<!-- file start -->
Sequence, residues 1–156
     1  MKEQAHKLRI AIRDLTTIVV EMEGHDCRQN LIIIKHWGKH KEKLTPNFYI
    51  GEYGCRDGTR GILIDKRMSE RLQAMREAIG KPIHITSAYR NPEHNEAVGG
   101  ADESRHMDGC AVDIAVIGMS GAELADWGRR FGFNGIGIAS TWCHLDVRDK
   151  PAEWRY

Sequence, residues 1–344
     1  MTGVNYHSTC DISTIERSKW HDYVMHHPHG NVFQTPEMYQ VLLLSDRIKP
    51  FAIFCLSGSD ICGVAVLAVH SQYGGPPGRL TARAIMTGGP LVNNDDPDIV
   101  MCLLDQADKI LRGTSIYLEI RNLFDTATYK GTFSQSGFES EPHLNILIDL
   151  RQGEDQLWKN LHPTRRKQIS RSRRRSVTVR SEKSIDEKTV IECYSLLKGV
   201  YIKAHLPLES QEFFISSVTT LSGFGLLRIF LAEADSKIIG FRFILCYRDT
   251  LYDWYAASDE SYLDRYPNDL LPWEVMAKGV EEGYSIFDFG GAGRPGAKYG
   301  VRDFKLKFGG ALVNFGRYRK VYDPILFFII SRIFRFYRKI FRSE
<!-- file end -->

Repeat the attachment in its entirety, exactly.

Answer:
Sequence, residues 1–156
     1  MKEQAHKLRI AIRDLTTIVV EMEGHDCRQN LIIIKHWGKH KEKLTPNFYI
    51  GEYGCRDGTR GILIDKRMSE RLQAMREAIG KPIHITSAYR NPEHNEAVGG
   101  ADESRHMDGC AVDIAVIGMS GAELADWGRR FGFNGIGIAS TWCHLDVRDK
   151  PAEWRY

Sequence, residues 1–344
     1  MTGVNYHSTC DISTIERSKW HDYVMHHPHG NVFQTPEMYQ VLLLSDRIKP
    51  FAIFCLSGSD ICGVAVLAVH SQYGGPPGRL TARAIMTGGP LVNNDDPDIV
   101  MCLLDQADKI LRGTSIYLEI RNLFDTATYK GTFSQSGFES EPHLNILIDL
   151  RQGEDQLWKN LHPTRRKQIS RSRRRSVTVR SEKSIDEKTV IECYSLLKGV
   201  YIKAHLPLES QEFFISSVTT LSGFGLLRIF LAEADSKIIG FRFILCYRDT
   251  LYDWYAASDE SYLDRYPNDL LPWEVMAKGV EEGYSIFDFG GAGRPGAKYG
   301  VRDFKLKFGG ALVNFGRYRK VYDPILFFII SRIFRFYRKI FRSE